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Social Justice Starts in the Classroom

TeachHUB Interview

Social Justice Starts in the Classroom Teachers for Social Justice is a grassroots organization of teachers from Chicago schools - from public to private to independent and alternative. These educators come together to create classrooms that support anti-racist, multicultural, multilingual educational experience that teaches students to question the world around them.


With their annual curriculum fair coming up this fall, member Jonah Bondurant was kind enough to give us some insight into the work of Teachers for Social Justice.


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Can you briefly explain what Teachers for Social Justice is and what you are trying to achieve?


TSJ is a grassroots network of educators engaging in the questions: What is a social justice educator? What is social justice? What is social justice education? How do you enact social justice as an educator? Toward this end, we engage in political education, political action, curriculum development, coalition building, community outreach, political forum, discussions and movie screenings, action based study groups and mentorship.


How did you get involved with Teachers for Social Justice?


I don't remember how I heard about TSJ, but I had been to a few curriculum fairs an undergrad and got on the listserv so I stayed updated on events. Then I graduated and got a teaching job and thought it was important that I get involved with something that reflected my beliefs in student and community empowerment and a pedagogy that was based on ideas of social justice and liberation.

I saw TSJ as taking a radical, grassroots stand for the type of education system that I was interested in producing so I got involved first by joining the discussion about empowering LSC's and I actually got elected to the LSC at the school I was at.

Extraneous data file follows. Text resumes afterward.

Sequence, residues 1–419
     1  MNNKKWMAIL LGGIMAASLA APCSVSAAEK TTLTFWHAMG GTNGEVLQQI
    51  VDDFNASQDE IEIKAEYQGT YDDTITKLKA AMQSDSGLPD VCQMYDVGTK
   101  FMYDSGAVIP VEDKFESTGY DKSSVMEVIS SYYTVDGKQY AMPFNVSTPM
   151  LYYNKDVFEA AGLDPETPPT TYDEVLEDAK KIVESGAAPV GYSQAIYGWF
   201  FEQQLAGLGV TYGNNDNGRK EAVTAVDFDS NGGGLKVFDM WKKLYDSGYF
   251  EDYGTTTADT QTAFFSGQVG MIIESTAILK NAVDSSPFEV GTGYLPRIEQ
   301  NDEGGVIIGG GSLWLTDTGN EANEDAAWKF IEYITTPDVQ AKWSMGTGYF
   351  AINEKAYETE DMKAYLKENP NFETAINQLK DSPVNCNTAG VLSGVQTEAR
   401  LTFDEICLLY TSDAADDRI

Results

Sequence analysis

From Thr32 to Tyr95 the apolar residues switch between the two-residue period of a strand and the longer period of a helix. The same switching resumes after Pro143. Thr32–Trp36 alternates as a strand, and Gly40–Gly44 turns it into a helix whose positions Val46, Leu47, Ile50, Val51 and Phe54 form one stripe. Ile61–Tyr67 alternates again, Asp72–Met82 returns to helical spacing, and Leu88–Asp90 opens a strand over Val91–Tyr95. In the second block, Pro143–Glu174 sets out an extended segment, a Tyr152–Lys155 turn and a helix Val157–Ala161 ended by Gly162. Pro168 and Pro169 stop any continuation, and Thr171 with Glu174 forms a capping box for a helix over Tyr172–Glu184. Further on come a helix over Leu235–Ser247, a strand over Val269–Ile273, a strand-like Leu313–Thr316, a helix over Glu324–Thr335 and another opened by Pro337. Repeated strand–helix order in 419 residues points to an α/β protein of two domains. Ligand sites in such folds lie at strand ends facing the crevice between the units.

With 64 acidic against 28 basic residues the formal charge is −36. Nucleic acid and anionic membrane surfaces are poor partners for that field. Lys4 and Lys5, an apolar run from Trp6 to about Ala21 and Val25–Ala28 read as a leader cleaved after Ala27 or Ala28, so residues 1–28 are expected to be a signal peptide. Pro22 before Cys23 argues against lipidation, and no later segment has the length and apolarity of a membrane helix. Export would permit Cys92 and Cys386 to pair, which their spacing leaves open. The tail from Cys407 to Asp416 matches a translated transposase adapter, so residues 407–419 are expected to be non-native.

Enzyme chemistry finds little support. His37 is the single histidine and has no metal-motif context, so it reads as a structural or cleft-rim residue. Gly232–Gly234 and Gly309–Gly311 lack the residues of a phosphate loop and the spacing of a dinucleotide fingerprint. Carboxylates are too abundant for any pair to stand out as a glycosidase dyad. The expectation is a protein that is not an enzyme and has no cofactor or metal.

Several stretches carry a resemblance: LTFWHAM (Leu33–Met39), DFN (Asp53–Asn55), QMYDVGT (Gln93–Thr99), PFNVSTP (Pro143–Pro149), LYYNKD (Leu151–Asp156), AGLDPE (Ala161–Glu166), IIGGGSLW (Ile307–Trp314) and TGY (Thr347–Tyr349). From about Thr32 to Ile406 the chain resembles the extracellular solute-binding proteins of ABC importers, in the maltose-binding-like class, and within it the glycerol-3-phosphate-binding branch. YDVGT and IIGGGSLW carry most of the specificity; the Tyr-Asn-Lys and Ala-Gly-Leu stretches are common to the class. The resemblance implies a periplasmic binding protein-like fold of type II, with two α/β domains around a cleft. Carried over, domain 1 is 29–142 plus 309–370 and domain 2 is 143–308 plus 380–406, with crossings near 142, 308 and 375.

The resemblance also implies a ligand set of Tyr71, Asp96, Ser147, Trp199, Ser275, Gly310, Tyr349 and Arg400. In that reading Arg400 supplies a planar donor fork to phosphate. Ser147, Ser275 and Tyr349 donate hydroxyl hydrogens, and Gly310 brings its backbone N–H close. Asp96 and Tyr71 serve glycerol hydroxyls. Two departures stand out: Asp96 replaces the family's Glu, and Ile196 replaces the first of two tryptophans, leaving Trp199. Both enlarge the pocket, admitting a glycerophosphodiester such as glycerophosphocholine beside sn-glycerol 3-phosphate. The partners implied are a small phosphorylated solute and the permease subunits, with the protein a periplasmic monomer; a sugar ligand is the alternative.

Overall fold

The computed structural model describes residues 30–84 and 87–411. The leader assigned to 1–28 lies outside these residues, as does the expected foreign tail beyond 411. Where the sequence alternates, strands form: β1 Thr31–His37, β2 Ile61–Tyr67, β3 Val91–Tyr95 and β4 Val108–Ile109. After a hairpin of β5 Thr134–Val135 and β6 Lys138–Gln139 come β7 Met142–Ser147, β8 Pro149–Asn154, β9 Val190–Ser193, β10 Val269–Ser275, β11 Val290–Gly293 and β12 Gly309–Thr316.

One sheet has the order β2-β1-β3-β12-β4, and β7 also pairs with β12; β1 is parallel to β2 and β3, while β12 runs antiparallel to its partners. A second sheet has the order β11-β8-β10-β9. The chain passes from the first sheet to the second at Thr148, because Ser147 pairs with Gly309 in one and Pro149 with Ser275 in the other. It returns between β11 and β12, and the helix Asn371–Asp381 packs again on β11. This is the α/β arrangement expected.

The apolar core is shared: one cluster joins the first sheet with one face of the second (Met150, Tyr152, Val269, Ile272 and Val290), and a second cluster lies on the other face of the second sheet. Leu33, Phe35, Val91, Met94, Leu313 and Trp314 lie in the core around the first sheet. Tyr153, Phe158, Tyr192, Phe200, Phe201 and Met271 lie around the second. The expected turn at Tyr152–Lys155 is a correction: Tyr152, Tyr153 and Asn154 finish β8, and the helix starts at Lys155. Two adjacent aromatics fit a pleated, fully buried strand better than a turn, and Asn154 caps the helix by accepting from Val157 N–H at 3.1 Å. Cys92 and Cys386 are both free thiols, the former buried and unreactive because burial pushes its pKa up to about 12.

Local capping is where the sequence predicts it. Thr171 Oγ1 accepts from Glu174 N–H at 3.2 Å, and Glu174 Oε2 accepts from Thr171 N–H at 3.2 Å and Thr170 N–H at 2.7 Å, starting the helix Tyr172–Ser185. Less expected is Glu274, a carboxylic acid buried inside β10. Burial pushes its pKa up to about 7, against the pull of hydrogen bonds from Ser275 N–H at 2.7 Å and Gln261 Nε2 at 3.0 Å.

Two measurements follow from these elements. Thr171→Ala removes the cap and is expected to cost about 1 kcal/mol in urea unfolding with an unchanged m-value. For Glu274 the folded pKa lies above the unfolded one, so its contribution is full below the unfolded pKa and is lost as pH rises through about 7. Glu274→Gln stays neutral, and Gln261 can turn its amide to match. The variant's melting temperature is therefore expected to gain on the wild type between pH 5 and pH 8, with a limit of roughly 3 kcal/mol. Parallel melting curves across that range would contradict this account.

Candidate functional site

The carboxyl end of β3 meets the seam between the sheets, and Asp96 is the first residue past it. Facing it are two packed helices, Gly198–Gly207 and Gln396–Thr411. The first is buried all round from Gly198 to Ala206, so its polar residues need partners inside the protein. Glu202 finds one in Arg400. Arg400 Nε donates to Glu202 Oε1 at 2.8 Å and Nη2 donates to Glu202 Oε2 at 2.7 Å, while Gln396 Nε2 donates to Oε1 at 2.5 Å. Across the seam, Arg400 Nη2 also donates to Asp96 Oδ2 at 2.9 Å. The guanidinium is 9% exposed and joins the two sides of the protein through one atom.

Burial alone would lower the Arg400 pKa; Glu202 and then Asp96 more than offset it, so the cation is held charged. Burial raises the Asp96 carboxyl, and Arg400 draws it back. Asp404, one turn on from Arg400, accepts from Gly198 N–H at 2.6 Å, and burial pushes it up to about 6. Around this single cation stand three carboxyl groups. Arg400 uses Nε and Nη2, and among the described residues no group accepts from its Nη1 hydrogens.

What do you do to make your classroom meet TSJ’s goals?


As a teacher for two years I made partial steps towards a classroom more based on ideas of social justice. In my curriculum and in my methods, I would try to ensure that my students would be successful and push the limits of their creativity and understanding of themselves and the world. I tried to help students listen to each other and de-center myself as the generator and authority of knowledge. I tried to connect to each student and find out what motivated them, what drove them to learn and apply what I learned about students to the classroom. I often failed, however, I occasionally succeeded.


Have you seen positive change based on that effort?


I saw positive change occasionally. It occurred more in individual students than in whole classes. All of the changes were partial and I always felt like more could have been done. I was still figuring out how to be an authority and maintain student focus on the learning tasks.


TSJ vehemently opposes “Renaissance 2010” – the city’s plan to improve achievement in Chicago schools. What does the organization think is the right way to reform Chicago schools?


Ren10 is a plan to privatize, gentrify, disempower communities and further empower the business and political elite. It places the blame on communities that have been systematically marginalized and disinvested from. We think that the education of our students should be decided by the parents, communities, teachers and students, not the mayor, businessmen or developers.